Charlotte-Mecklenburg Schools will scale back its $33.7 million school safety plan to ensure that two new elementary schools and other 2007 bond projects are not delayed, Superintendent Heath Morrison said Friday.
The first thing to go will be $13 million for building 8-foot chain-link fences, Morrison said. Some new fencing could be part of future bond plans.
On Tuesday, the school board unanimously approved the plan, which includes fences, cameras and buzz-in entry systems, after CMS staff repeatedly assured them that it would not affect other projects promised when voters approved $517 million in school bonds.
Morrison said CMS leaders believed that was true, even after Mecklenburg County Finance Director Dena Diorio stood up at a county commissioners meeting earlier Tuesday to correct CMS Chief Operating Officer Millard House on that statement. He said House was busy taking notes and did not grasp what Diorio had said.
The delays came to light after the Observer asked Diorio to elaborate. She made it clear to CMS that adding the safety spending would put seven CMS bond projects at risk of being postponed for a year.
One lesson, Morrison said, is that House erred by going into the county meeting alone. From now on, he said, there will always be at least one other staffer to take notes. After a Friday meeting between Morrison, County Manager Harry Jones and other staff, the two bodies agreed that CMS could scale back the safety plan to protect the promised bond projects.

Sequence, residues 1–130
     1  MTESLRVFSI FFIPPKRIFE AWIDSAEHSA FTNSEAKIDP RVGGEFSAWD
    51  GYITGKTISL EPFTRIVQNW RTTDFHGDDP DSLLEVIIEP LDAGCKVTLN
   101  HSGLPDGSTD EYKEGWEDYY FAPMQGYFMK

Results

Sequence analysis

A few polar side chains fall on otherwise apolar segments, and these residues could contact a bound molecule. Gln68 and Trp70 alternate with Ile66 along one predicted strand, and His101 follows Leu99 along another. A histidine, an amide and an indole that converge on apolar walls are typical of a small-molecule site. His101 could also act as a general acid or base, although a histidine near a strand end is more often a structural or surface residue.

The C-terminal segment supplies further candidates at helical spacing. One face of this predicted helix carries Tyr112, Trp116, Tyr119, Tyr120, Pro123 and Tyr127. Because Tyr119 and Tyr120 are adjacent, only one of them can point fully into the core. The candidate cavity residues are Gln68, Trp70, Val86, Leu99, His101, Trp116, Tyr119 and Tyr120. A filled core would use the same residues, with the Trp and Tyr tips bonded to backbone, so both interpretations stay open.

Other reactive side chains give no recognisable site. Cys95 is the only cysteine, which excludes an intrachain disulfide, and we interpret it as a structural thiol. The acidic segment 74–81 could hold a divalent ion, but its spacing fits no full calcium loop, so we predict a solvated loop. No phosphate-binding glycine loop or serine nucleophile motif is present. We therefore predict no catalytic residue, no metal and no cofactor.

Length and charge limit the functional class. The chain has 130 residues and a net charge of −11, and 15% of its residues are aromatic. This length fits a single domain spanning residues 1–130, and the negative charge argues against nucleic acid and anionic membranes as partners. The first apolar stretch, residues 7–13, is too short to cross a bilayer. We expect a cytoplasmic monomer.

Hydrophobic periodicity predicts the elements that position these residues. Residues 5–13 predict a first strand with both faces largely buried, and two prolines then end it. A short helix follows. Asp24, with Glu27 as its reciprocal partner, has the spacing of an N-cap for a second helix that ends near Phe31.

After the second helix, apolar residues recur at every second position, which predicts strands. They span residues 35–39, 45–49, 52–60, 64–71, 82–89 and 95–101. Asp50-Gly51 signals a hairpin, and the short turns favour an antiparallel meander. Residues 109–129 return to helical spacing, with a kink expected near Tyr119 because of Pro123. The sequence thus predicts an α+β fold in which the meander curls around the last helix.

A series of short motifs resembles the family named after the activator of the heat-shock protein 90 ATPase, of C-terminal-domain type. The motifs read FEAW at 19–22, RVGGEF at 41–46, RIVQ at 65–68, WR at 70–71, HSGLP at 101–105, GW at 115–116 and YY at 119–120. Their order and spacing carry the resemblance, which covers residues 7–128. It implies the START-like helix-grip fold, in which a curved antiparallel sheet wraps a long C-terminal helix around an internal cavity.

“We made commitments and we are going to honor those commitments,” Morrison said.
The school board will vote on a revised safety plan March 12.
This week brought a stumbling start for Morrison and his team as they prepare to launch a new round of construction projects, which will require the support of county officials and voters. Morrison said he thinks people will understand that the safety plan was solid and that honest mistakes were quickly corrected.
“I hope the issue isn’t a credibility gap,” he said.
But at least one county commissioner was skeptical.
“I find it impossible to believe that CMS didn’t know this would impact their current priority list,” county commissioner Karen Bentley said Thursday. “Give me a break! This is what makes it difficult for our two boards to work together effectively.”
Factors affecting bonds
CMS and county leaders have been discussing safety improvements since shortly after December’s mass shooting at Sandy Hook Elementary in Newtown, Conn.
The money, they agreed, would come from the 2007 bonds.
During that campaign, CMS presented a list of new schools and renovations the money would pay for. Because CMS has no taxing authority, the county has the final say on issuing the bonds and giving CMS the money.
The recession dramatically slowed the county’s borrowing. Some costs came down, and CMS closed two schools that were scheduled for renovation in the 2007 proposal.